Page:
DURBAN– DUT finally delivers its promise of paying out an amount of R5 000 to over 600 students living in private and University-accredited accommodations after being grappled with residence shortages for its students.
The DUT Student Representative Council says it has negotiated with the University management for NSFAS beneficiaries who reside in private accommodations to be paid R2500 every month for a period of 10 study months.
“There are not enough residences to accommodate all needy students, so we decided that we needed a plan B,” said Nocawe Mtembu, a member of the SRC.
The scarcity of residences is partly due to DUT losing some of the accommodations such as City Residence which is now largely occupied by University of KwaZulu-Natal students. The renovations currently underway at Stratford House could be another contributing factor to space shortage.
Richard Morrison, Acting Head of Department of Housing and Residence Life, says the idea for subsidised accommodation was a collaborative effort from all stakeholders, citing a letter from the Department of Higher Education.
“Qualifying students who have been identified as eligible for student accommodation (…) but due to limited residence space cannot be accommodated in university managed accommodation, may be eligible for an allowance for suitable off-campus private accommodation,” reads the letter, dated 9 January 2018.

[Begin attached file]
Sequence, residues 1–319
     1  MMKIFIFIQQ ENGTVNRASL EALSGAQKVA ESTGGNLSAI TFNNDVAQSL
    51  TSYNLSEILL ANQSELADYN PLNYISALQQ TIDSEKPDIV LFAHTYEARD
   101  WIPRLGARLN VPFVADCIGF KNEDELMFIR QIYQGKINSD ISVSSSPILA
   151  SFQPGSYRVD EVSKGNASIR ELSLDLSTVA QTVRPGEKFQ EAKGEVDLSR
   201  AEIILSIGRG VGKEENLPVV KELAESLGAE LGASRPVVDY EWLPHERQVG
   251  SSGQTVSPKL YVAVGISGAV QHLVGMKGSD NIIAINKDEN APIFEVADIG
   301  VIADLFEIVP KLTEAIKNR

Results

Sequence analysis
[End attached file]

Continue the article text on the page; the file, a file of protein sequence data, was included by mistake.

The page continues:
The R2500, which is paid directly to the students’ bank accounts, is meant to help students pay for rent and other living expenses.
Previously, DUT students would be paid through NSFAS’ sBux system which is paid in vouchers and places a limit on what the student can purchase.
Lindelani Mndaba, a 3rd year Journalism student who received his R5 000 on Wednesday, says the money was a welcome reprieve. “It definitely helps take the pressure off from my parents and means I can now sustain myself.”
“Last year I also did not get res due to space and I lived the whole year in private accommodation with no assistance from NSFAS,” added Mndaba.
With over 600 students who have received their allowance, and even more, are still being processed, Morrison says private accommodation remains an option due to the growing number of students requiring residency.